“Is our country really that dangerous?”
PYONGYANG – I had heard the North Korea horror stories: a cabinet minister executed in full view of other
leaders after a disastrous currency reform, life under the watchful eye of Big Brother, Potemkin villages and bare cupboards.
The North Korea I visited on a recent four-day reporting trip was indeed secretive and poor. But the North Koreans I met on this carefully orchestrated visit were polite, proud and spirited
— not the grim lot I had expected.
It was my first-ever visit to the hermit state despite 28 years of reporting in China and Taiwan. We were there to witness the debut of the country’s next likely leader, Kim Jong-un, the youngest son of ailing leader Kim Jong-il.
From the day we landed, North Korea lived up to its reputation as the world’s most secretive country. It was 11 pm on Saturday and we had checked into our hotel rooms, but most foreign reporters, including me, were still in the dark about our itinerary the next day.
One of the government minders assigned to Reuters called my hotel room at 5:30 am on Sunday to tell me and my colleagues to be downstairs in 30 minutes.
He didn’t say where we were going, but brought us to the centre of town to see the country’s Ruling Party founding anniversary celebrations and to see the first public appearance of the young Kim.
Minders acted as translators and were there to ensure we did not see things or talk to people we were not supposed to.
One of our minders was shocked when we asked about the young Kim during a television interview with one of the parade participants. He frowned and complained that our question was
Another minder grew pale when he got a dressing down from the chief minder for allowing me to speak to people at a performance. I profusely apologised for getting him into trouble.
When an American television journalist did a stand-up report at Kim Il-sung Square, calling North Korea the most dangerous country in the world, I thought our minders would stop him, but
One of them just walked away shaking his head and asking: “Is our country that dangerous?”
Pyongyang society has barely changed over the decades, according to people who have visited the idiosyncratic city over the years.
The Kim family is omnipresent. Statues and portraits of the late “Great Leader” Kim Il-sung are everywhere. A giant portrait gazes down the city’s main square at passersby, all of whom wear
red pins on their lapels bearing the face of Kim Il-sung.
When Kim Jong-il emerged on the second storey of a viewing stand, parade participants raised their hands and jumped up and down, cheering “Long Live Kim Jong-il”. Some wept tears of joy.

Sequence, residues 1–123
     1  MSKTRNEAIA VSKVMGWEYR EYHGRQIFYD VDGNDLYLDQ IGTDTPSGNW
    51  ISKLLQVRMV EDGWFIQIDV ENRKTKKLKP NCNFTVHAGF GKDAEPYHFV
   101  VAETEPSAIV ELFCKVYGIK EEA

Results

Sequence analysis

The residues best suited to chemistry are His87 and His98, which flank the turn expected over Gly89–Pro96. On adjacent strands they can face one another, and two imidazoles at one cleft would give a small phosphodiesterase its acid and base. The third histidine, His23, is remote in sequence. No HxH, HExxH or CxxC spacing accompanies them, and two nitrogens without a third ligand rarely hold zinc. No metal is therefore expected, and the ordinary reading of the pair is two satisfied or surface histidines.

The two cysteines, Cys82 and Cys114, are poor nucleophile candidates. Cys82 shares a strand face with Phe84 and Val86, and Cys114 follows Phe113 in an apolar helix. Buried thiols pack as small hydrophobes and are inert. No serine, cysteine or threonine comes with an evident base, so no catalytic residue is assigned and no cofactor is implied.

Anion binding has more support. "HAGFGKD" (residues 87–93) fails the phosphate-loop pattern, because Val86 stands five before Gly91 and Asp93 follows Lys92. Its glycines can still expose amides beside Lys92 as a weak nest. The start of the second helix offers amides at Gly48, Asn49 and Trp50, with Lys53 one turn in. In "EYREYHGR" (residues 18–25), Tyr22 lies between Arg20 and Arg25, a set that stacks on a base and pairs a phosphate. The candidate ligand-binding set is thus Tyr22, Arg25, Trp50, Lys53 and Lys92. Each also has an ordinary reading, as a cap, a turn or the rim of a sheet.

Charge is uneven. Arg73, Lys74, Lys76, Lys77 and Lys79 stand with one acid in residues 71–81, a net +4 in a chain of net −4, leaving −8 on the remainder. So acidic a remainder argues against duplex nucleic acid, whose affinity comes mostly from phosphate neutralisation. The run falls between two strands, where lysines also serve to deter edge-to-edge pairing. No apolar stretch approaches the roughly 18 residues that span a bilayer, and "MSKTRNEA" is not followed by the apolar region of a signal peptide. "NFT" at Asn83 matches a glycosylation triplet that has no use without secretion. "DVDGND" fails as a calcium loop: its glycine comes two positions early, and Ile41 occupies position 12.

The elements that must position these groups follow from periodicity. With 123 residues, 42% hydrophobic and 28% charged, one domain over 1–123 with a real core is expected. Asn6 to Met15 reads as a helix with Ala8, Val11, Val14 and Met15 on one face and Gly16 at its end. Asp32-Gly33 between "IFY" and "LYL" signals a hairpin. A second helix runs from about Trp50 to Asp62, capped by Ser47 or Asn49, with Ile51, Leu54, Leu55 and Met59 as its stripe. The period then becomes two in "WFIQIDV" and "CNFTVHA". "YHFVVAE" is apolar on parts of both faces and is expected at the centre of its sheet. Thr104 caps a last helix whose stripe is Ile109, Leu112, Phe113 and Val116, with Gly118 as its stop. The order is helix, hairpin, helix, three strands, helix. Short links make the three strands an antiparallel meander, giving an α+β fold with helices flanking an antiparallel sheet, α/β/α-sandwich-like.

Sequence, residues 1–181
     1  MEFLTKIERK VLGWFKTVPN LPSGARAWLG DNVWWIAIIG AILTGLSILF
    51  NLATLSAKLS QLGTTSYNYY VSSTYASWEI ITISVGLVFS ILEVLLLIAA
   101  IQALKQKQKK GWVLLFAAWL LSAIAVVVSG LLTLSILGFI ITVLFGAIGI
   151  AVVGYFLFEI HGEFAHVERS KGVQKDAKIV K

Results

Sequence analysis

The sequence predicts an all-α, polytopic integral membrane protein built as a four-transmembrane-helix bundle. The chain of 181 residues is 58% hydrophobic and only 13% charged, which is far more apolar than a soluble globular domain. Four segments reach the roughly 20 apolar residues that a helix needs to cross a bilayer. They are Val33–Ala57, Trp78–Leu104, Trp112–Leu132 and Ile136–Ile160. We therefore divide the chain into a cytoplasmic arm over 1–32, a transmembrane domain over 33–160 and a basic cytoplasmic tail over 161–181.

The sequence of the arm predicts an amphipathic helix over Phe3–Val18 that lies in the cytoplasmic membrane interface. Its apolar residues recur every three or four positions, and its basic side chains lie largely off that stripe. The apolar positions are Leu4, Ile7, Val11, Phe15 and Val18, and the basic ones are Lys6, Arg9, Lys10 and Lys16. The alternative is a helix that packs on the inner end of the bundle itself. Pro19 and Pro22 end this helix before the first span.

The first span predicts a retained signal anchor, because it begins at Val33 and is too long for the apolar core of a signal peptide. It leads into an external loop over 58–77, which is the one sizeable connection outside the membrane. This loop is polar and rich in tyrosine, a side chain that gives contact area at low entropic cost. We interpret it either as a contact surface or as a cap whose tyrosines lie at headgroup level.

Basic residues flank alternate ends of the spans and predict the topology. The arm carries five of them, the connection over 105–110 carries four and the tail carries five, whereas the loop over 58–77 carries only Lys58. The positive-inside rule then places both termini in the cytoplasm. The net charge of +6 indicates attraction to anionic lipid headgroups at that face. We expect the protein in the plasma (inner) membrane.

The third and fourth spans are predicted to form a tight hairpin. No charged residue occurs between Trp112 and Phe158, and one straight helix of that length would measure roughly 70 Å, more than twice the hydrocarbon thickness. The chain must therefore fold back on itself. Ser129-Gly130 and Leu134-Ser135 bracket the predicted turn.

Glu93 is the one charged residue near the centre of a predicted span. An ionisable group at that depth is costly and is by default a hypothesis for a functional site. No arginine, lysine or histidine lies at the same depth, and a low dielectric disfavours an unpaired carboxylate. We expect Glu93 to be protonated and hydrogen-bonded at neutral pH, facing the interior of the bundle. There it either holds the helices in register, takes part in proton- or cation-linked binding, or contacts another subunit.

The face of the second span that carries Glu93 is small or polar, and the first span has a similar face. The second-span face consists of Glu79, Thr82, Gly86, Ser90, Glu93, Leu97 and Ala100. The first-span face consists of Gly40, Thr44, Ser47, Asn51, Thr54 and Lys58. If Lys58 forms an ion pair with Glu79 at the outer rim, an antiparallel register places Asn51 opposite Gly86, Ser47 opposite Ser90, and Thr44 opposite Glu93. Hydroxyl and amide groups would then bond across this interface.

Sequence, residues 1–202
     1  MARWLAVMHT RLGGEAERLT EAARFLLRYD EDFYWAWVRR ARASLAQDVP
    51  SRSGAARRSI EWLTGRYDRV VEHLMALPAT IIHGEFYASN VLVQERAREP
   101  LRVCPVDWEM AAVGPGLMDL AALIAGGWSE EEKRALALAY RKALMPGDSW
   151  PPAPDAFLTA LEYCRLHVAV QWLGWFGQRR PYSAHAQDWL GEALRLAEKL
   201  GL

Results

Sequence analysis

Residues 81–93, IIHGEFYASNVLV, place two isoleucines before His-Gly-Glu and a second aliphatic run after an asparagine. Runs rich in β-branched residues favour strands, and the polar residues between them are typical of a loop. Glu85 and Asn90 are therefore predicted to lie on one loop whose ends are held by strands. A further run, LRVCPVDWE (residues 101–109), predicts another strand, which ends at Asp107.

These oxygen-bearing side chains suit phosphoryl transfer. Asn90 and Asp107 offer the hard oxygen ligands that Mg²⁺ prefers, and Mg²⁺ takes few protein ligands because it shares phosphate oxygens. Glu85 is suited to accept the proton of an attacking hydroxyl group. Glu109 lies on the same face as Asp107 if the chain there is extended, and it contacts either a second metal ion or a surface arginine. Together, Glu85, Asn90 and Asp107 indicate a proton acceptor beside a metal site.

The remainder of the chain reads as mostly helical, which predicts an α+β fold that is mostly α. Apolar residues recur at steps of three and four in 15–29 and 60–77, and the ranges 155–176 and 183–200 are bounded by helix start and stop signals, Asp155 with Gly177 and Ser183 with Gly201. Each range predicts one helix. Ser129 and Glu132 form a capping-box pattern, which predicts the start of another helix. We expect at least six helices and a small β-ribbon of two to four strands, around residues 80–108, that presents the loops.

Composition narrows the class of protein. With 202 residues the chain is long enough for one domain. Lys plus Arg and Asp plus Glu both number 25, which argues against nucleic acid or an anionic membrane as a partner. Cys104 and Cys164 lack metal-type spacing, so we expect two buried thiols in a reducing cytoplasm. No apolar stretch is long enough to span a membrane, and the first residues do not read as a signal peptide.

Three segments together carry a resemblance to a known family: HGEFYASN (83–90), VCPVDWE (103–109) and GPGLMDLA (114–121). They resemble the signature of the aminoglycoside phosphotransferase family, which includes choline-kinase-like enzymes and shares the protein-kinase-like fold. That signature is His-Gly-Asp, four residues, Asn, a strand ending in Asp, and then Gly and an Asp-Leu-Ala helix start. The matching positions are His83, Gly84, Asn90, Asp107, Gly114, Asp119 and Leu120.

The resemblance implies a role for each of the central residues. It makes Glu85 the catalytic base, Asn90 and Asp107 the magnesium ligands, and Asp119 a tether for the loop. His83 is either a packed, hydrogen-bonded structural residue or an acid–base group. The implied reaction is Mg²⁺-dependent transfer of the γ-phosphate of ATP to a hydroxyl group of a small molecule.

The next day, our minders took us to a display of 17,000 flowers named after Kim Il-sung and Kim Jong-il.
Pyongyang is immaculately clean. Cars, reserved for the social elite, are rare and there’s little pollution. Most people travel by foot or public transport. Accordion buses and trams are
packed, but neatly groomed commuters queue up in an orderly fashion.
Even though there were few street lights, women and students could be seen walking home in the dark, an apparent sign the city was safe and the crime rate low.
The ruling Workers’ Party of Korea keeps a tight rein over the media, education and all communication.
There are four types of mobile phones in the country — one for foreigners to talk with foreigners, a second for North Koreans to talk to each other, a third for select foreigners and Koreans to communicate and a fourth for government officials.
Like all visitors, we were required to hand in our phones upon arrival at the Kim Il-sung airport.
North Korea suffers from chronic food shortages. During the 1990s, up to a million people are thought to have died from famine after years of floods.
Its economy, once stronger than its southern neighbour’s, missed out on the economic boom enjoyed by the rest of the region and has been dragged down by heavy spending on one of the world’s
largest standing armies. More than 1 million troops are deployed — mostly near the border with South Korea. International sanctions prompted by the country’s nuclear weapons programme have made life even more difficult.
North Korea’s political and military elite, analysts say, is the biggest hurdle to reforms. They fear they will lose out if a society so meticulously protected from the outside world is
exposed to sudden foreign influence.
Common people were polite but wary of us.
On our way to the hotel from the airport, the driver waved his hand to signal he spoke no English or Chinese when I tried to strike up a conversation. But when I gestured to our hotel to ask
if it was where we were staying, he replied: “Dui”, or “correct” in Chinese, followed by a “Yes.”
He realised the slip and waved again.
When I gestured to a hotel shopkeeper to ask if there was a garbage can, she put down her phone and extended both hands for me to throw away a candy wrapper. I embarrassingly obliged.
Even the sternest of minders had a soft spot for a smile. When I was about to leave for the airport, I clasped my hands and nodded at the chief minder who smiled back, nodded and waved.
Or maybe he was just relieved to see us go.